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Centex Homes v. St. Paul Fire and Marine Ins. Co.

California Court of Appeals, Fourth District, Second Division

May 22, 2015

CENTEX HOMES, Plaintiff and Appellant,
ST. PAUL FIRE AND MARINE INSURANCE COMPANY et al., Defendants and Respondents.

APPEAL from the Superior Court of Riverside County No. RIC1306704, Richard J. Oberholzer, Judge. (Retired Judge of the Kern Super. Ct. assigned by the Chief Justice pursuant to art. VI, § 6 of the Cal. Const.)

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[Copyrighted Material Omitted]

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Newmeyer & Dillon, Thomas F. Newmeyer, Joseph A. Ferrentino, Clayton T. Tanaka and Christina K. Kazarian for Plaintiff and Appellant.

The Aguilar Law Group, A. Eric Aguilera and Raymond E. Brown for Defendants and Respondents.





This insurance coverage dispute arises from underlying construction defect litigation in which Corona homeowners have sued the developer, plaintiff and

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appellant Centex Homes (Centex), for work performed by Centex’s subcontractors. One of the subcontractors, Oak Leaf Landscape, Inc. (Oak Leaf), is insured by defendants and respondents, St. Paul Fire and Marine Insurance Company and St. Paul Mercury Insurance Company (Travelers). Centex is named as an additional insured on the Travelers’s policy.

Centex appeals from an order and judgment sustaining without leave to amend defendants’ demurrer to the seventh and eighth causes of action of the original complaint filed by Centex. The seventh and eight causes of action for declaratory relief are about insurance coverage and Centex’s right to independent counsel pursuant to Civil Code section 2860. We agree with the trial court’s ruling that the claims are neither “ripe” nor “actual” and affirm the judgment.[1]



The facts alleged in the complaint are taken as true for purposes of a demurrer. (Blank v. Kirwan (1985) 39 Cal.3d 311, 318 [216 Cal.Rptr. 718, 703 P.2d 58].) We do not “assume the truth of contentions, deductions or conclusions of law.” (Aubry v. Tri-City Hospital Dist. (1992) 2 Cal.4th 962, 967 [9 Cal.Rptr.2d 92, 831 P.2d 317])

Centex alleges that it was a developer of single-family residences in Corona. In May 2012, Centex was sued by Corona homeowners in Riverside County Superior Court for construction defects. Centex tendered the defense to Travelers, which accepted the defense subject to a reservation of rights, including the right to choose defense counsel. The Riverside litigation was stayed pending the Corona plaintiffs’ compliance with the prelitigation procedures of the Right to Repair Act, Civil Code section 895 et seq. In April 2013, the Corona plaintiffs served Centex with a notice of violations.

A. The Complaint

In June 2013, Centex filed the present action against 57 subcontractors, alleging six causes of action for breach of contract to indemnify, defend, and obtain insurance, for equitable indemnity, and for contribution and repayment. The complaint specifically alleges that Centex “has incurred, is incurring, and will incur defense fees and costs” to defend the Corona plaintiffs’

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claims, all of which are recoverable through defense and indemnity provisions in its agreements with its subcontractors and through various insurers that named Centex as an additional insured under general liability policies issued to the subcontractors.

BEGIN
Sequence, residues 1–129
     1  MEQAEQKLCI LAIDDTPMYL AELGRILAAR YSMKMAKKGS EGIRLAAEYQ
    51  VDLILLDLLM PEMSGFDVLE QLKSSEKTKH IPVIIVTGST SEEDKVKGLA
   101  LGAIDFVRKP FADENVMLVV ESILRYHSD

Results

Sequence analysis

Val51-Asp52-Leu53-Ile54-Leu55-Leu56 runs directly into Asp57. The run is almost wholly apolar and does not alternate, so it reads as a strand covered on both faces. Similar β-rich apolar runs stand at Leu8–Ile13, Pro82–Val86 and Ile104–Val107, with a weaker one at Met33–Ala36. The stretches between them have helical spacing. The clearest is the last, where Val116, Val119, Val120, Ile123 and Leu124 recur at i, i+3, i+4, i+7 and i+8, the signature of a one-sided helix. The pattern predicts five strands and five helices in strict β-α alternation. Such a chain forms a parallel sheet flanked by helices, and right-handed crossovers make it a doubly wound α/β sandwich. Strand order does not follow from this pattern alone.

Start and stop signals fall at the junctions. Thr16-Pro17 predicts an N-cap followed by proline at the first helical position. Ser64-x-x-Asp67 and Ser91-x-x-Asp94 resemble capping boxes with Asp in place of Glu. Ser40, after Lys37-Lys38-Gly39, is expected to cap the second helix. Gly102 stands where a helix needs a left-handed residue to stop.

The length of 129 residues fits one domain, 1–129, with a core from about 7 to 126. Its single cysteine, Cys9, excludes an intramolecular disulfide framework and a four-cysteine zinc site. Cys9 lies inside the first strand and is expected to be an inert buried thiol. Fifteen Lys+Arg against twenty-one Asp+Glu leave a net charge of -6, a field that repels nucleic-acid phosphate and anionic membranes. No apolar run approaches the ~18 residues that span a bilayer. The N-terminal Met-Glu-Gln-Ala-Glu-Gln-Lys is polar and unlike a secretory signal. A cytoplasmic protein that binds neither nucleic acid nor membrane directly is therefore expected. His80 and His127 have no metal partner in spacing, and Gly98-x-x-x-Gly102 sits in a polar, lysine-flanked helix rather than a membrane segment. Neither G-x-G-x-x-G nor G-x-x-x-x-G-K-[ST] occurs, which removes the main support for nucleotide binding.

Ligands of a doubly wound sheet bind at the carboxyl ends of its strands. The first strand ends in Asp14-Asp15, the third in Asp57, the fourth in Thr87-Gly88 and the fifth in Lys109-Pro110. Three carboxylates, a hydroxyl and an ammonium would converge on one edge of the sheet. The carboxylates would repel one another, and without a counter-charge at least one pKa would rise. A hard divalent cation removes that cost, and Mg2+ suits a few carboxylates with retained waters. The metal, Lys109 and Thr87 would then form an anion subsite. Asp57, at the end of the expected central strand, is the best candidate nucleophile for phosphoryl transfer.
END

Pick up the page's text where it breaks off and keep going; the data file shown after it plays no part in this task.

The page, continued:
The seventh and eighth causes of action are for declaratory relief against Travelers. In the seventh cause of action, Centex alleges that the Corona homeowners are suing for construction defects caused by subcontractors who were insured by Travelers and that Centex is a named additional insured. Consequently, Centex asserts Travelers is obligated to defend and indemnify Centex against the Corona homeowners’ claims and Travelers breached its duty to defend by requiring a reservation of rights, seeking to obtain full reimbursement from Centex. Centex articulates the dispute and controversy with Travelers as follows: “... allocation... needs to be made... regarding the costs and fees associated with Centex Homes’ defense in the Underlying Action.... [¶] Declaratory judgment is both proper and necessary, so that the respective rights, duties, and obligations of the Insurer Defendants, Centex Homes, and Subcontractor Defendants as to the allocation of Centex’s defense fees and costs related to/arising from the Underlying Action may be determined.”

In the eighth cause of action, Centex alleges that Travelers breached its duty to provide Centex “with a full, complete, immediate, and conflict free defense, ” causing Centex to incur defense costs. Centex further alleges that, by defending Centex under a reservation of rights and appointing its own “panel defense counsel, ” Travelers has created a conflict of interest with Centex, triggering the right to independent counsel. In particular, Centex contends Travelers is trying to limit the scope of its coverage to the work of its named insured, Oak Leaf. Furthermore, Travelers denies there is any covered “occurrence” or “property damage” under its policy. Centex argues Travelers is also competing with Centex by seeking recovery or reimbursement from other subcontractors and forcing Centex to share counsel with the subcontractors, while disadvantageously controlling and manipulating Centex’s defense, particularly the use of experts. For those reasons, Centex alleges it has an immediate need for independent counsel.

B. The Demurrer

In its demurrer, Travelers argued that Centex had not alleged any specific facts to demonstrate Travelers is manipulating the defense, thus entitling Centex to independent counsel. Furthermore, the allocation of defense costs and fees is premature because the amount of fees, the parties involved, and the relevant facts are still unknown. Centex, of course, adopted a contrary position. The trial court found that the seventh cause of action “is not ripe

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and therefore no cause of action is stated.” As to the eighth cause of action, the court found “no actual present conflict of interest requiring independent counsel.”



Centex argues that, to the extent Travelers controls the defense of both the subcontractors and Centex, Travelers can manipulate the litigation against Centex’s interests, creating an ethical conflict requiring independent counsel: “There is a large block of authority recognizing what also seems relatively obvious: when an insured is obligated to provide defenses for two or more insureds with adverse interests, there is a sufficient conflict of interest that the insurer must provide independent counsel for each insured at its own expense.” (14 Couch on Insurance (3d ed. 2014) § 202:24.) Additionally, Centex claims that, when Travelers seeks reimbursement of defense fees, its right to reimbursement and the issue of allocation must be resolved as part of the action against the subcontractors. Therefore, Centex maintains the trial court erred in sustaining the demurrer and finding that Centex could not amend its complaint to state a cause of action against Travelers.